Generally deficiencies due to water soluble
vitamins are multiple rather than individual with
• The water soluble vitamins form coenzymes
(active form of the vitamin).
Thiamine- Vitamin B-1
• “thio”-vitamin (sulfur-containing vitamin)
• Ist vitamin to be identified
• Other names
– Anti neuretic
– Anti Beri Beri
• Only synthesized by bacteria, fungi & plants
• Animals must obtain it from their diet
• Relatively unstable
-Destroyed with heat and in alkaline environment
-Lost by milling flour, leaching into cooking liquids
and in thawing frozen food
• Co-enzyme: helps release energy from carbohydrates
RDA and Toxicity
• 1to 1.5 mg/day
• Requirement increases in pregnancy &
lactation(2mg), old age & alcoholism.
• Daily intake depends on carbohydrate metabolism
• Upto 50mg/d can brought to control
The Active Form
• Thiamine contains an aminopyrimidine
ring and a thiazole ring.
• Active forms - Thiamine Pyrophosphate
• The TPP reaction is catalyzed by enzyme
thiamine pyrophosphate transferase.
• Activation occurs mainly in liver.
Needed for the metabolism of
carbohydrates, proteins and fats
Thiamine pyrophosphate (TPP) is
involved with the energy releasing
reactions of carbohydrate metabolism.
10–15 % of total
energy in the
form of ATP.
85–90% of total
energy in the
form of ATP. GLYCOLYSIS
Pyruvate Dehydrogenase (PDH)
α Ketoglutarate Dehydrogenase.
Transketolase.in HMP shunt
pentose sugar (ribose) hexose
sugar (glucose) which is then
used to produce energy in the
form of ATP.
Reactions requiring TPP
The branched chain aminoacid dehydrogenase
Leucine, isoleucine , valine to form keto acid.
Pts of Maple syrup disease(defect in decarboxylation
reaction) are treated with large dose of thiamine
Transmission of nerve impulse
TPP is required for acetylcholine synthesis and
ion translocation of neurnal tissue. Thiamine
triphosphate form is also involved.
Absorption, Transport & Metabolism
• Absorbed in the upper small intestine
– Low concentration = carrier mediated
– High concentration = passive diffusion
• Transported by RBC in the blood(90% of
total thiamine of blood )
• Excreted in the urine
• Inadequate Diet (polished rice)
• chronic illness(liver cirrhoses,
disease affecting absorbtion in small intestine,cancer)
• Pregnancy and lactation
• Thiaminase ( in raw fish) inactivates thiamine by breaking
the thiazole ring.
Women with hyperemesis
gravidarum and anorexia
• Pt on parental glucose
• Pt on chronic diurectic therapy
• Maternal thiamine def in breast fed child, Infantile
• Increased Carbohydrate intake
• Increased metabolic activity due to Hyperthyroidism and fever
Carbohydrate metabolism is impaired.acc of pyruvate in
Increased pyruvate concentration and is excreted in urine.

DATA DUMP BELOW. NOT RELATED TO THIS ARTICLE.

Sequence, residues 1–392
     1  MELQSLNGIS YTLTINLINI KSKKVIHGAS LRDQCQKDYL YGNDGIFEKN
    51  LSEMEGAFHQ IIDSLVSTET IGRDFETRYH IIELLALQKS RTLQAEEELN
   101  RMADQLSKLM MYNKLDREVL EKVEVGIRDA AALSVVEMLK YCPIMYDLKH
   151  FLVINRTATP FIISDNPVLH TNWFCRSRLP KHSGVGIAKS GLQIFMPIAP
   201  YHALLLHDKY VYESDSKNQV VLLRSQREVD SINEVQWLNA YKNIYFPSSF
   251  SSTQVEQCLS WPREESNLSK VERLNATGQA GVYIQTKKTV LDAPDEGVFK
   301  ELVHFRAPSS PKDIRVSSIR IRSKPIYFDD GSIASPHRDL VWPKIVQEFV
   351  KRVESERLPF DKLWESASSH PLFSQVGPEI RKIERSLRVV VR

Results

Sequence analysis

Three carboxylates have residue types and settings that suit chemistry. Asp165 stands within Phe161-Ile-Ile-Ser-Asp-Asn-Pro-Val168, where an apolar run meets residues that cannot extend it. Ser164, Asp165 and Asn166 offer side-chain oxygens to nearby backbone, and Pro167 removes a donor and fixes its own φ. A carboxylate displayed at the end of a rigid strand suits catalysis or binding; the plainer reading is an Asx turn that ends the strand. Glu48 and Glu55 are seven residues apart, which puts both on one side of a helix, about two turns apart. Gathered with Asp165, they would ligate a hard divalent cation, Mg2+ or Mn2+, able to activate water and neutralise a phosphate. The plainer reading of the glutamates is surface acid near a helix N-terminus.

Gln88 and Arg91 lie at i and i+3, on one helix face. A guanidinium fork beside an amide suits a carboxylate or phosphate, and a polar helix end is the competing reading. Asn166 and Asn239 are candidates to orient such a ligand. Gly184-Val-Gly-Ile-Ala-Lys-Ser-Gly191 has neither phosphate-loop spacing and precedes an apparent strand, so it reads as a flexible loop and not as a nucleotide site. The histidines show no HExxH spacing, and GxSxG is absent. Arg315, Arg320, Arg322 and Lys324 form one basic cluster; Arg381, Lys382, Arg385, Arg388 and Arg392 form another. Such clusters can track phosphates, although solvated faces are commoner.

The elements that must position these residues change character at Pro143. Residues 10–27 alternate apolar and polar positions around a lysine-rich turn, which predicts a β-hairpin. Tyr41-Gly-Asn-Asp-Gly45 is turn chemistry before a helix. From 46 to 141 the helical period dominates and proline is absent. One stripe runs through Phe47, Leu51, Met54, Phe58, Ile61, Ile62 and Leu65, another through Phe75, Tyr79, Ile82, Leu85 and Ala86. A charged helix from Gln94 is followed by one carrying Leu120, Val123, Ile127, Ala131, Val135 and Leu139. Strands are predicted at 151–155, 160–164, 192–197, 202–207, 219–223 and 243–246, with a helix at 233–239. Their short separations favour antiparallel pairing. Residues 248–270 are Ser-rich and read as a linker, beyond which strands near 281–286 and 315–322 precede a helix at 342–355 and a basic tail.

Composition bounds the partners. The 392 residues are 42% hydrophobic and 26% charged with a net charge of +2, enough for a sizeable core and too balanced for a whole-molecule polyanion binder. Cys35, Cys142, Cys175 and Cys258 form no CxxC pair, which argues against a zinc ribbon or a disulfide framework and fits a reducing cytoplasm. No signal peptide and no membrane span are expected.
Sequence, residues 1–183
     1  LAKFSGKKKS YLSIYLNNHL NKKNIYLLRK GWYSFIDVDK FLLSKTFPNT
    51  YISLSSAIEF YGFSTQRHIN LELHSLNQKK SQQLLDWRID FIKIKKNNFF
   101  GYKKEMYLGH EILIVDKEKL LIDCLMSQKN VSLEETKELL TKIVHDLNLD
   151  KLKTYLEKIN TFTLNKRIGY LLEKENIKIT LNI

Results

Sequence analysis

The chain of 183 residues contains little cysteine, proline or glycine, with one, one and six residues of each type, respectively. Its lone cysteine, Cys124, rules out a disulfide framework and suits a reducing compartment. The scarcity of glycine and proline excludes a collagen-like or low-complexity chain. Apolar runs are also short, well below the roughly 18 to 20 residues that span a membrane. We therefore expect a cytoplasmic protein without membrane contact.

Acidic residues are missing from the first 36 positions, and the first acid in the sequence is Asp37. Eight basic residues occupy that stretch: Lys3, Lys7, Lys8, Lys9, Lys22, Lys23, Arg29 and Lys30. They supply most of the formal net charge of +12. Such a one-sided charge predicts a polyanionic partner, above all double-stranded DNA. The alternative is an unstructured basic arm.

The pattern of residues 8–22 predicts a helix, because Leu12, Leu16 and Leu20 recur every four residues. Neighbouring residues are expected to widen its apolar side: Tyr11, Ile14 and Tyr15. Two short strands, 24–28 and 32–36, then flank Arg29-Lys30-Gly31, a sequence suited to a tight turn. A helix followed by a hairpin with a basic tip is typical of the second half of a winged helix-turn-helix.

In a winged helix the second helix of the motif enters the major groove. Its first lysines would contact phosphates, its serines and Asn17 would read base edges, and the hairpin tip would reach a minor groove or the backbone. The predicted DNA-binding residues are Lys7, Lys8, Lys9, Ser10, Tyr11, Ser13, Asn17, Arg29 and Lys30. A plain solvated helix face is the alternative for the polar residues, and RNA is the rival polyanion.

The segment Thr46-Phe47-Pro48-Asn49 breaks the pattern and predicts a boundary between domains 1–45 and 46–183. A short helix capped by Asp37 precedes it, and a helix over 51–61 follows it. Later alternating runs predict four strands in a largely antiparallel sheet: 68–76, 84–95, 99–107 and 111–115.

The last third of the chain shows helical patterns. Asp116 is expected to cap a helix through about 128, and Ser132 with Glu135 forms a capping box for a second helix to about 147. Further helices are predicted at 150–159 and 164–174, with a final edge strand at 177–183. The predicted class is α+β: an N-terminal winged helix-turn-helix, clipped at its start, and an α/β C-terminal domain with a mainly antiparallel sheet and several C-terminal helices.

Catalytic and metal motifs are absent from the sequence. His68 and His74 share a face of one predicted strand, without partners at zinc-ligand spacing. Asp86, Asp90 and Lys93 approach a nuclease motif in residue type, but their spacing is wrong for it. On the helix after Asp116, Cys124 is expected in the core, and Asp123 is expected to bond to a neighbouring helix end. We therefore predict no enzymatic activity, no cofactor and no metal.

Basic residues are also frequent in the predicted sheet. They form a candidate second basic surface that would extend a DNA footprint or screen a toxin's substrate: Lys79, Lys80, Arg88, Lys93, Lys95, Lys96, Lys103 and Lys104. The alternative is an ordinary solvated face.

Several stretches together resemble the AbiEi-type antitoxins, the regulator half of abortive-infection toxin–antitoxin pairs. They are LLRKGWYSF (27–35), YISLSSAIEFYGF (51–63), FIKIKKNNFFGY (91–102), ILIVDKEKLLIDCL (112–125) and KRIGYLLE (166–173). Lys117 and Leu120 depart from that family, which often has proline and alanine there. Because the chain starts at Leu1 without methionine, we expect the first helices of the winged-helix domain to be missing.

Increased pyruvate in plasma Lactate Lactic acidosis
Inc permeability of Blood Brain Barrier. Pyruvate entry & brain
directed poly neuritis
The transketolase activity in erythrocytes is decreased.
Who is at Risk For Deficiency?
Poor , Alcoholics, Elderly, Diet consisting of highly processed
Deficiency leads to Beri-beri which is of three types.
Wet Beri-beri: CVS manifestations are prominent
Edema of legs, face & trunk
Pleural effusion & ascites
Breathlessness and palpitation. systolic murmurs
Fast and bouncing pulse
Weak heart muscles resulting in death due cardiac
Dry Beri-beri: CNS manifestations prominent.
Edema not commonly seen.
Neurological manifestation resulting from accumulation of
pyruvate in the nerves.
polyneuritis with numbness , loss of nerve transmission
resulting in 'wrist drop', 'foot drop', irritability, poor
arm/leg coordination even paralysis of whole limb.
mental changes, sluggishness, poor memory, loss of
appetite and constipation
Seen in infants born to mothers suffering from thiamine deficiency.
Sleeplessness, restlessness, vomiting, convulsions and finally death.
Wernicke-Korsakoff syndrome: Seen in chronic
alcoholics and is characterized by:
Loss of memory
Apathy (absence of emotions)
Nystagmus (rhythmical to-and-fro motion of the eyeballs)
Ataxia (Unstable gait)
Opthalmoplegia (paralysis of the eye muscles)
Encephalopathy: Congestion and hemorrhages in parts of
Lack of nerve impulse transmission
RBC transketolase activity is dec, its
measurement is diagnostic This is the earliest
indicator and reliable diagnostic test to assess
HPLC measures thiamine and its
phosphorylated esters in serum or blood is
• 1 . Prophylactically (2-10 mg daily) in infants,pregnant women,
chronic diarrhoeas, patients on parenteral alimentation. Glucose
infusion unmasks marginal thiamine deficiency.
• 2. Beriberi-100 mg/day i.m. or i.v. till symptoms regress-then
maintenance doses orally.
• 3. Acute alcoholic intoxication: thiamine 100 mg is added to each
vac of glucose solution infused. Most neurological symptoms in
chronic alcoholics are due to thiamine deficiency-peripheral
neuritis, Wernick's encephalopathy, Korsakoff'spsychosis: give 100
mg/ day parenterally.
4. In neurological and cardiovascular disorders, hyperemesis
gravidarum, chronic anorexia and obstinate constipation-
thiamine has been used even without definite proof of its
deficiency.symptoms improve dramatically if thiamine
deficiency has been causative.
5. Maple syrup disorder
Thiamine is nontoxic. Sensitivity reactions sometimes occur on
Riboflavin (Vit. B2)
• The name "riboflavin" comes from “ribose” and “flavin”
– Flavin mononucleotide (FMN)